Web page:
These poems resist paraphrase—surely a sign of their strength—but they also insist. In “A Healing for Little Walter,” repetition and the hint of narrative charge the images:
One day we were just lying around trying to key the sound.
Trying to sound the wound, make it bend, loop it through.
Fishbone scar let loose from the forehead,
swim upriver, what touch is to someone alone.
The fish, the forehead, and the sound braid through a seven-page poem that—we learn in the endnotes—was inspired by a linoleum print, but which in Conoley’s hands becomes musical.
The way that Peace embraces the philosophical, the contemporary political world, and the detritus and fanfare of pop culture calls to mind the recent work of Brenda Hillman. It exhibits a particular blend of formal invention, self-effacing intimacy, and high and low culture, as in “Monday Morning,” when the speaker directs us to watch “Put a Ring on It” on YouTube, follows that with a quote from Nietzsche, which she then questions for its New Age-y tone, all the while making fun of herself in yoga class. This combination captures something true, in the largest sense of that word, an effect enhanced by the poems’ objective treatment of their own subjectivity: these poems feel carefully shaped, but not driven by any one voice or personality. “Monday Morning” also tackles the idea of trying to write “about” something: “it was morning and all the white guilt got balled up / and tossed through the sky then landed back / into the white guilt which had made a very good deal with the white privilege”
Here, as the speaker comments on her place and attendant privileges, she creates the visual of that balled-up white guilt flying into the air and landing in the poem, a powerful statement of what it means to write from where she writes. This incisive self-awareness is no easy feat, and too many writers do not even attempt it. The success of this attempt also depends upon the form of the poem: the use of space on the page, the ways caesura allows for blankness, missed beats, a moment’s pause, contemplation. So things unfold—in this poem as throughout the book—in the speaker’s act of noticing, almost within the time it takes to notice.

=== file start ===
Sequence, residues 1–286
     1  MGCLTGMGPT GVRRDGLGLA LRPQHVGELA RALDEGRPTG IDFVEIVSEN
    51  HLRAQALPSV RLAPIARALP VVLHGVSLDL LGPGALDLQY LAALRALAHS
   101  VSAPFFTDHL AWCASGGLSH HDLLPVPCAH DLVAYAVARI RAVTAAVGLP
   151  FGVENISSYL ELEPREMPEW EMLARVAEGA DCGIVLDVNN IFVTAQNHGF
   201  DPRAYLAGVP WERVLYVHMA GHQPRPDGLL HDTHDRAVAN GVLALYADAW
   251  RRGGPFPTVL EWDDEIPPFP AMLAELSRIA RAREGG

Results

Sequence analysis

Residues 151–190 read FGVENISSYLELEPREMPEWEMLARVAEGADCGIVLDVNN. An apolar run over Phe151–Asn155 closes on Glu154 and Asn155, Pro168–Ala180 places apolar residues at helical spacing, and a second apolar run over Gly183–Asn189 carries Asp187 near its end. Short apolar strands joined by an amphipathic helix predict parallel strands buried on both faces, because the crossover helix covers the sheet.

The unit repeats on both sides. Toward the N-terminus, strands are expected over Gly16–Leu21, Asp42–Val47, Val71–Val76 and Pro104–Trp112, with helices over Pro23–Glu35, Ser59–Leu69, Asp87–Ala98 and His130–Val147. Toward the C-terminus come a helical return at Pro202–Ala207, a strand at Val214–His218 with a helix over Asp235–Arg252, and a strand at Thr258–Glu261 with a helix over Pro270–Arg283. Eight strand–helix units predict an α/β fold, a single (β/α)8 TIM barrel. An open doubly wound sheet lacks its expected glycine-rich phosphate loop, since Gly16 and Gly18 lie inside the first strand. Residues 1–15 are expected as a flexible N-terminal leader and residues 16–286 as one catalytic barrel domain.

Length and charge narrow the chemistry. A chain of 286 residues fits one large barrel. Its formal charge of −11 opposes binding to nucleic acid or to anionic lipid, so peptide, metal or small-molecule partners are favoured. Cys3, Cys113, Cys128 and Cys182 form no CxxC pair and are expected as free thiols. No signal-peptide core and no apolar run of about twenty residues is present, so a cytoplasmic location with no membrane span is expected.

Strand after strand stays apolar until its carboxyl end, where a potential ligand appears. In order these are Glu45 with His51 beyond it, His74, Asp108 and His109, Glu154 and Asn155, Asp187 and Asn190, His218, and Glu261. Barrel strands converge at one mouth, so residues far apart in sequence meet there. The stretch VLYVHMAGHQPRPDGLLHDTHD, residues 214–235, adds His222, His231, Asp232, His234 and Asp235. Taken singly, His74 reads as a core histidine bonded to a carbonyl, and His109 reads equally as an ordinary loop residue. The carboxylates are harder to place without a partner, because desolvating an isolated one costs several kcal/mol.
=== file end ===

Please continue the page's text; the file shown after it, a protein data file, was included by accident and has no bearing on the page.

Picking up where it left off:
Occasionally Conoley’s logic is hard to follow, and sometimes it is difficult to build meaning from certain groups of images, as in this example, from the series “[Peace]”:
slant, blank in dirt signs pop up
either an unfathomable mystery or a not-vote-for-anyone
bus rims the beach down the aisle
tap tap of the almost silent keyboard
busy fingers of no master
However, these risks of ambiguity also point toward promising cracks—these are not poems that will explain everything; nor should they, or we. We’re witness to an observant, compassionate intellect speaking as if to herself or to a close friend, weaving together disparate ideas in the attempt to make something new. Inevitably there are gaps, misdirections, and failures; generosity, contradiction, and brilliance, too. This collection teaches us how to inhabit and appreciate our own complicated relationship to the world. The book ends with the line “I imagine my life,” and the wonderful thing is that imagining it does not preclude living it. Why should we think so?